NEW YORK • A figure in a translucent kimono coyly holds a fan. Another arranges an iris in a vase. Are they men or women?
As a mind-bending exhibition that opened last Friday at the Japan Society illustrates, they are what scholars call a third gender - adolescent males seen as the height of beauty in early modern Japan who were sexually available to both men and women. Known as wakashu, they are one of several examples in the show that reveal how elastic the ideas of gender were before Japan adopted Western technology and more rigid Western notions of gender in the late 1800s.
The show, A Third Gender: Beautiful Youths In Japanese Prints, arrives at a time of ferment about gender roles in the United States and abroad. The notion of "gender fluidity" is roiling traditional definitions.
"This brings us back to history to think about the present and the future," said Fordham University assistant professor of art history Asato Ikeda, the guest curator of the exhibition, which covers the Edo period from 1603 to 1868.
She said that like other societies in the past and present - the hijra in India and the "two-spirit people" in some American indigenous cultures - the diversity in gender definitions and sexual practices in Edo Japan challenges modern notions that male and female are clear either-or identities.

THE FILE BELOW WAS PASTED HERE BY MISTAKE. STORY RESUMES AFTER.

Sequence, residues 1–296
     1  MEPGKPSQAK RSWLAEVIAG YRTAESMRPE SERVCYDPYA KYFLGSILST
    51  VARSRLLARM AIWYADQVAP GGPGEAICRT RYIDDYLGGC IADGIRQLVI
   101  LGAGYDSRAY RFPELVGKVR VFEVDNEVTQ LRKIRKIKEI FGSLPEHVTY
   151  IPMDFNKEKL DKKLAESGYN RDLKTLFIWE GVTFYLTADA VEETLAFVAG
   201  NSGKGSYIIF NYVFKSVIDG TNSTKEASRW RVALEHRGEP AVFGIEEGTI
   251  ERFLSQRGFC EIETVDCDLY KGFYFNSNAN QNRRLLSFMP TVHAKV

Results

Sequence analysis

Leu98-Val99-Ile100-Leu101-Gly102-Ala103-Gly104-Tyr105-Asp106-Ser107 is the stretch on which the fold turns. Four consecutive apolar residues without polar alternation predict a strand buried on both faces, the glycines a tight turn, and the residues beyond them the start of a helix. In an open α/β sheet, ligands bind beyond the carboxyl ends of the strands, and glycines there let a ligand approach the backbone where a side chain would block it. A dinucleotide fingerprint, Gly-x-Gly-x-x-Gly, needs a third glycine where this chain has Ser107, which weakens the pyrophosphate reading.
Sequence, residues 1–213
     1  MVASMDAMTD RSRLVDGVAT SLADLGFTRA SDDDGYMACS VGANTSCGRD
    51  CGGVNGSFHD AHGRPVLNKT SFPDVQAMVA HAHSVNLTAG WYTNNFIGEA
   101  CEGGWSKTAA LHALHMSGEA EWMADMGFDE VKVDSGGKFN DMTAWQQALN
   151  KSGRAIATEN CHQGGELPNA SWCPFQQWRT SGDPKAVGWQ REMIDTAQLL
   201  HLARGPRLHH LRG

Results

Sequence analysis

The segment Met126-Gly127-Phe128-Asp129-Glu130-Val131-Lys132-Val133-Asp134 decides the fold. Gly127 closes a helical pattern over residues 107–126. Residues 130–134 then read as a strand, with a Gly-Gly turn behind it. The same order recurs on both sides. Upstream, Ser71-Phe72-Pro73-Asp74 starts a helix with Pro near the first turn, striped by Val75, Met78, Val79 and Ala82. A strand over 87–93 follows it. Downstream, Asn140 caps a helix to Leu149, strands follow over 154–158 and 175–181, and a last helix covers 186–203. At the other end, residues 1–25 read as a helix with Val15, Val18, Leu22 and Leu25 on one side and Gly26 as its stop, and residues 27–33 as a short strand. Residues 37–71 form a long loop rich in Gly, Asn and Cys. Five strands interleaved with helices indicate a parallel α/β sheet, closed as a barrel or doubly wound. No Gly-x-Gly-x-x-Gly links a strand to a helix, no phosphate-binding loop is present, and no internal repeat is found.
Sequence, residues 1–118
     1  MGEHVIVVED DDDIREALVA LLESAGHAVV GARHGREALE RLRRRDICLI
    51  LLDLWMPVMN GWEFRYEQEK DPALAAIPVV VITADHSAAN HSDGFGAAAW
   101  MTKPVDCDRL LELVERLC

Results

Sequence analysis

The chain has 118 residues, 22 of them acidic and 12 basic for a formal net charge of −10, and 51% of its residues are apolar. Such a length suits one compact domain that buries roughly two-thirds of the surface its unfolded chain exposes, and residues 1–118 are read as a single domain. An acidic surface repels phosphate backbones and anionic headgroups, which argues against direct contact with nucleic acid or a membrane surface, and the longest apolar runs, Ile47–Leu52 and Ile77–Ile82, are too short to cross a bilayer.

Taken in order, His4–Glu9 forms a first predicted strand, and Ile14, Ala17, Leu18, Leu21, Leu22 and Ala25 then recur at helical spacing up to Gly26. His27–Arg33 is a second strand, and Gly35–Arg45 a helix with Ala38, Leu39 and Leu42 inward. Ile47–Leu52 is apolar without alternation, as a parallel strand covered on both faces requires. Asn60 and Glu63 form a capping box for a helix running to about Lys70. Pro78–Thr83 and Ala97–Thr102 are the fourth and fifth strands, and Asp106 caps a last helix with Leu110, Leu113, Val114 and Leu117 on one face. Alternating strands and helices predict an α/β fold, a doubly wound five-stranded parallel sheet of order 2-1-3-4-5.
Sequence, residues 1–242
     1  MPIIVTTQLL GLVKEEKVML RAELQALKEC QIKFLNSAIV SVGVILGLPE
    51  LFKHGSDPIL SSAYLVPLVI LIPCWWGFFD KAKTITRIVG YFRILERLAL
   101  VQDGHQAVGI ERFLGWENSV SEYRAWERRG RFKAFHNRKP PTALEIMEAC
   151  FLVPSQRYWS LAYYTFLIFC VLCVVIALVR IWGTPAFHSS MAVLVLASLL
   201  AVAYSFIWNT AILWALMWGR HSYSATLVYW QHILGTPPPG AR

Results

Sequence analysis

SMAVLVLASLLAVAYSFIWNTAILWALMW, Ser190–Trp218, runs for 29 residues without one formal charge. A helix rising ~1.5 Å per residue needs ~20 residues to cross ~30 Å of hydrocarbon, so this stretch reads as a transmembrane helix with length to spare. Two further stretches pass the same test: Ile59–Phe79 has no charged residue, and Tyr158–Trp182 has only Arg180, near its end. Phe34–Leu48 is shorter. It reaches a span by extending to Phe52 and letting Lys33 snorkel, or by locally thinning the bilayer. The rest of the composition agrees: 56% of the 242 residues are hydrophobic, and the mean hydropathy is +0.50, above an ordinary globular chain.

The art on display shows how many permutations were acceptable in Edo society: men or women in liaisons with the adolescent wakashu; female geisha dressing like wakashu; and even a male Kabuki actor impersonating a woman who pretends at one point to be a man.
That suggests, Prof Ikeda said, that some blurring of gender identity was deliberate, playful and often arousing, since the prints were relatively inexpensive and widely circulated, some as erotica.
The wakashu are a case in point. The term describes the time a male reaches puberty and his head is partly shaved, with a triangleshaped cut above the forelocks that is a telltale way to identify wakashu. During this stage of life, before adulthood, it was socially permissible to have sex with men or women.
The exhibition raises questions of pederasty, given that wakashu were sexually available younger than would now be considered the age of consent. The curators consulted social workers and lawyers during the original exhibit, held in Toronto, to make sure the work was not considered child pornography.
Mr Michael Chagnon, curator of exhibit interpretation at the Japan Society, said sexual liaisons took place at an earlier age partly because people died younger, often by their late 30s.
In an uncanny echo of the past, some Japanese men today are again blurring lines, dressing androgynously, using make-up or wearing clothes typically seen as feminine.
"Even though we have this rich tradition of gender, prints like these are not found in our textbooks," said Prof Ikeda, who grew up in Japan. "We don't do these kinds of exhibitions in Japan."